These are differences that matter - race class, gender, sexual orientation, religious identity, these aspects of who we are are consequential. They determine life outcomes. They determine the trajectory of individuals’ lives in the US. To acknowledge that reality, which I think some would call a kind of identity politics is necessary, I think, to meet out the kind of justice that we expect and a healthy democracy.

Let me make this a bit more concrete, perhaps. Imagine if we ignored the reality that a black man in the US has a greater likelihood of dying at the hands of police use of force than his white male counterpart. Imagine if activists didn’t raise this reality and objected to it and brought it into public conversation and into public view.

Imagine if women activists didn’t raise objections to the fact that women in the US still make less for doing the same job than their male counterparts. And this is exacerbated when we take into account race. So black women fear worse than white women. Noting this might be regarded as a kind of identity politics. But it is simply the reality of life in the US and in diverse societies around the world.

And so, for me, as I think about the project of improving and strengthening American democracy, noting those places of weakness that persist in the US and, as the data would show, in places around the world, is a necessary aspect of making American democracy better. And so, I don’t quite see the tension between what others or what I would call a kind of identity politics and the project of strengthening American democracy. As I told my students, accounting for the realities and the importance and the consequential nature of identity is a necessary feature of strengthening American democracy. It requires that we note the difference, that we know that this stuff really does matter.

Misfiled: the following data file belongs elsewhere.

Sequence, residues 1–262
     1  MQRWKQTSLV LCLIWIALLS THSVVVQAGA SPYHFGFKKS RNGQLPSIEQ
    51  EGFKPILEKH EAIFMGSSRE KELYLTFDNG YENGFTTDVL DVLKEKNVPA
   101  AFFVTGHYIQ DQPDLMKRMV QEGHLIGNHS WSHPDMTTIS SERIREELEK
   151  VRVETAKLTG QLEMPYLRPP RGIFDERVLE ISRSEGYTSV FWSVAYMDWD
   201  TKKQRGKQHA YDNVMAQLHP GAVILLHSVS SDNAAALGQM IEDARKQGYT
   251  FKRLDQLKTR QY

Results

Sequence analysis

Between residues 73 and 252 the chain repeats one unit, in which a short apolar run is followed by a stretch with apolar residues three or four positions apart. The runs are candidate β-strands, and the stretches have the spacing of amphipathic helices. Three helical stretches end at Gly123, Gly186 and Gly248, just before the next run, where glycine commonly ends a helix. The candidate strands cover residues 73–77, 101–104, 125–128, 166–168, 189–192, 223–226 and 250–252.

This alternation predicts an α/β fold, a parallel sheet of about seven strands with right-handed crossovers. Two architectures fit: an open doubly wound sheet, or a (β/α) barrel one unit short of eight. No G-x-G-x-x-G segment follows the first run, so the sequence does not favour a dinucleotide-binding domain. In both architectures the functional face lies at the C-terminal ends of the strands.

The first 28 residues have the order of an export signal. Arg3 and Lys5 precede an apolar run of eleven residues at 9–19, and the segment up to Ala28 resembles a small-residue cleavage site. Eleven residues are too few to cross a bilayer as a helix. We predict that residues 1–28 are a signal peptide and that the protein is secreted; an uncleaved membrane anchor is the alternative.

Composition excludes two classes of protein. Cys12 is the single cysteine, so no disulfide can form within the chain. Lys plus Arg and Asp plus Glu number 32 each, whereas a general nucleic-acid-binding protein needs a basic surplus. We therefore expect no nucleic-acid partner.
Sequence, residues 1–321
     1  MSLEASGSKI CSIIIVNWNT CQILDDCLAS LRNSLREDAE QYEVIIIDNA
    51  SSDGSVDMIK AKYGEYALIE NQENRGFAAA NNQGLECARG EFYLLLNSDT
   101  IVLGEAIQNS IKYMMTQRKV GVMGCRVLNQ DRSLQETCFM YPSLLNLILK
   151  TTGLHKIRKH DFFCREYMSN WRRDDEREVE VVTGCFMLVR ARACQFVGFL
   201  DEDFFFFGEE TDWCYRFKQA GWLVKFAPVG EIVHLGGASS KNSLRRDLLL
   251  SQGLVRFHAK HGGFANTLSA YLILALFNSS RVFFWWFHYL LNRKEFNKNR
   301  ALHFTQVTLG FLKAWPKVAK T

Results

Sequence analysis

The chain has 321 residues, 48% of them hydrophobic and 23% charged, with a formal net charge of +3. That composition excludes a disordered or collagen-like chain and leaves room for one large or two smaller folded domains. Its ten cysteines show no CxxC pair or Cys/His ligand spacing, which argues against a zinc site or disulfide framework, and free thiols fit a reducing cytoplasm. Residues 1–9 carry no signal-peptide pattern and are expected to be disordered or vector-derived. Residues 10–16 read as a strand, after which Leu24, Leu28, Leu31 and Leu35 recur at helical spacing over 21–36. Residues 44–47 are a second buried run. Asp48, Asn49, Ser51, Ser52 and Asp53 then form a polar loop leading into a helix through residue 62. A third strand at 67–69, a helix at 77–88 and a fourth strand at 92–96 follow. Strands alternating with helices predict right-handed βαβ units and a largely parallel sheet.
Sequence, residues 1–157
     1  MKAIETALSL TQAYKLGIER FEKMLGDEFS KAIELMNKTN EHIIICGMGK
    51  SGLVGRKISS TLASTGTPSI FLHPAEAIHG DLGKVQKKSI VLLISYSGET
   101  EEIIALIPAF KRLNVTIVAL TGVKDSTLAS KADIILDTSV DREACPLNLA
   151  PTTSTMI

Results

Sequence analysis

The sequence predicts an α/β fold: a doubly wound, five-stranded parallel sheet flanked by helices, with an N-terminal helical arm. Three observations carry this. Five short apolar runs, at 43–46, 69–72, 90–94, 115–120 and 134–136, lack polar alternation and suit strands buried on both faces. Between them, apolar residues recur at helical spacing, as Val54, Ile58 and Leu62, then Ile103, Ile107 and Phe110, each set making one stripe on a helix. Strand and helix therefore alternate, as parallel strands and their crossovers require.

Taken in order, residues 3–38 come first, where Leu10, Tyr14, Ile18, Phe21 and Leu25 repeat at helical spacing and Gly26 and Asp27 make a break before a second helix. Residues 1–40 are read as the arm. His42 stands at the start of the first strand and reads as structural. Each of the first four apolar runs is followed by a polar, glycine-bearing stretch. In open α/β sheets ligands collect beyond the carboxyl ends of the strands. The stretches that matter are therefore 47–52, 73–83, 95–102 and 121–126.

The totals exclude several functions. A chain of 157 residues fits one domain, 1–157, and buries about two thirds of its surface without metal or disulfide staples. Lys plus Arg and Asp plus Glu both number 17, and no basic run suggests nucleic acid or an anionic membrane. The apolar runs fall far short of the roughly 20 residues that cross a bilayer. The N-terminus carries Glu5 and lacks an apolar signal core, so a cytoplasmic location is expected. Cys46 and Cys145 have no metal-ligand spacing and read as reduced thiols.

Books & Ideas: Can there be democracy without majoritarianism? Is there any reasonable hope to design democratic institutions that could enable people to embrace the identity of their choice while simultaneously accommodating a larger sense of national belonging?

Hakeem Jefferson: I think one of the simplest renderings of what democracy is, is that it’s this place where a majority rules. That decisions that take hold are decisions that some majority of us, or at least some large plurality, would agree to. I think that’s an oversimplified rendering of what a good and healthy democracy would look like. Imagine this for example, a majority of the American population is still white.

We know from tons of research that many scholars in political science and related fields have done, that these identities structure attitudes, that the way that I, as an individual, as an individual voter, might come to think about the granting of rights to another, reflects my identity and the considerations that attach to that identity. We know, for example, that many white Americans support restrictive voting laws because of their racial attitudes toward African-Americans, individuals they perceive are the targets of these laws.
We know, for example, that white Americans attitudes toward punishment, including the death penalty, are bound up with their racial attitudes. We know, for example, that various referenda, including questions that relate to the rights of gay, lesbian and trans Americans, reflect the attitudes that Americans have toward members of this particular group. We know that gender attitudes affect the way that Americans react to pieces of legislation that bear on the lives of women.